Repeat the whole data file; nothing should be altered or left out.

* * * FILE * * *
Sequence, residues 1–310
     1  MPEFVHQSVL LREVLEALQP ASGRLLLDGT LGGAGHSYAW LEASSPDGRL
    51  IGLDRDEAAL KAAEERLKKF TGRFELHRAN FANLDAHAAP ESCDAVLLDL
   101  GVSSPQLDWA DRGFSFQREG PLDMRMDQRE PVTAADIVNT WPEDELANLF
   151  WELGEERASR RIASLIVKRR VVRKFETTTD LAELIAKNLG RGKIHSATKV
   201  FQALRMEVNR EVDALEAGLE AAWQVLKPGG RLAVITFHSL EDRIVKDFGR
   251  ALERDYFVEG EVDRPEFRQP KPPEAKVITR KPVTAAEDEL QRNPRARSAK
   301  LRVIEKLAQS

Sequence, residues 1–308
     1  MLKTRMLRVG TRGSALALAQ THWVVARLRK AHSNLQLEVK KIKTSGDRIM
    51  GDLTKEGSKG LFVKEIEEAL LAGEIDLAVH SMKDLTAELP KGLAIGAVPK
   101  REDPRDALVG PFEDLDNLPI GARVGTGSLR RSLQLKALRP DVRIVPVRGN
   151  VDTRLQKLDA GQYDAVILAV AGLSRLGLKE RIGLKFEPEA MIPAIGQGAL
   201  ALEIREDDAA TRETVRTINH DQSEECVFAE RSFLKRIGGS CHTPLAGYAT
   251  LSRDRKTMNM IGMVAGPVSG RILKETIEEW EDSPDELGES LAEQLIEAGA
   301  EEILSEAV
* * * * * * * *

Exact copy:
Sequence, residues 1–310
     1  MPEFVHQSVL LREVLEALQP ASGRLLLDGT LGGAGHSYAW LEASSPDGRL
    51  IGLDRDEAAL KAAEERLKKF TGRFELHRAN FANLDAHAAP ESCDAVLLDL
   101  GVSSPQLDWA DRGFSFQREG PLDMRMDQRE PVTAADIVNT WPEDELANLF
   151  WELGEERASR RIASLIVKRR VVRKFETTTD LAELIAKNLG RGKIHSATKV
   201  FQALRMEVNR EVDALEAGLE AAWQVLKPGG RLAVITFHSL EDRIVKDFGR
   251  ALERDYFVEG EVDRPEFRQP KPPEAKVITR KPVTAAEDEL QRNPRARSAK
   301  LRVIEKLAQS

Sequence, residues 1–308
     1  MLKTRMLRVG TRGSALALAQ THWVVARLRK AHSNLQLEVK KIKTSGDRIM
    51  GDLTKEGSKG LFVKEIEEAL LAGEIDLAVH SMKDLTAELP KGLAIGAVPK
   101  REDPRDALVG PFEDLDNLPI GARVGTGSLR RSLQLKALRP DVRIVPVRGN
   151  VDTRLQKLDA GQYDAVILAV AGLSRLGLKE RIGLKFEPEA MIPAIGQGAL
   201  ALEIREDDAA TRETVRTINH DQSEECVFAE RSFLKRIGGS CHTPLAGYAT
   251  LSRDRKTMNM IGMVAGPVSG RILKETIEEW EDSPDELGES LAEQLIEAGA
   301  EEILSEAV